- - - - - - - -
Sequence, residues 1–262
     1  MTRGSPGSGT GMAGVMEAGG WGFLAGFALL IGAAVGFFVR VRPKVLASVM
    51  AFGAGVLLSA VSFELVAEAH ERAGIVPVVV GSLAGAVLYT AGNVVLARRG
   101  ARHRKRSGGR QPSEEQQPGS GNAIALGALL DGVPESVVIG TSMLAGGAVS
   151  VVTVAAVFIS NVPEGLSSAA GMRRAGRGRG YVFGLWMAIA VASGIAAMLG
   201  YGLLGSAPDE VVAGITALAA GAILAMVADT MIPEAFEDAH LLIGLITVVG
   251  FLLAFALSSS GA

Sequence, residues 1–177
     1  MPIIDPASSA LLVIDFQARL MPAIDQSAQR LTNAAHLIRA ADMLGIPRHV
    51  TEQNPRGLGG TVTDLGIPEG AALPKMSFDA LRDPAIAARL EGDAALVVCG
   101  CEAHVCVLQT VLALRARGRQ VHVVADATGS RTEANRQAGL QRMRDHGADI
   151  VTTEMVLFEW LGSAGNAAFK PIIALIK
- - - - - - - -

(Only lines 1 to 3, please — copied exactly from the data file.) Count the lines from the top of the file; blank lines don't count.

Sequence, residues 1–262
     1  MTRGSPGSGT GMAGVMEAGG WGFLAGFALL IGAAVGFFVR VRPKVLASVM
    51  AFGAGVLLSA VSFELVAEAH ERAGIVPVVV GSLAGAVLYT AGNVVLARRG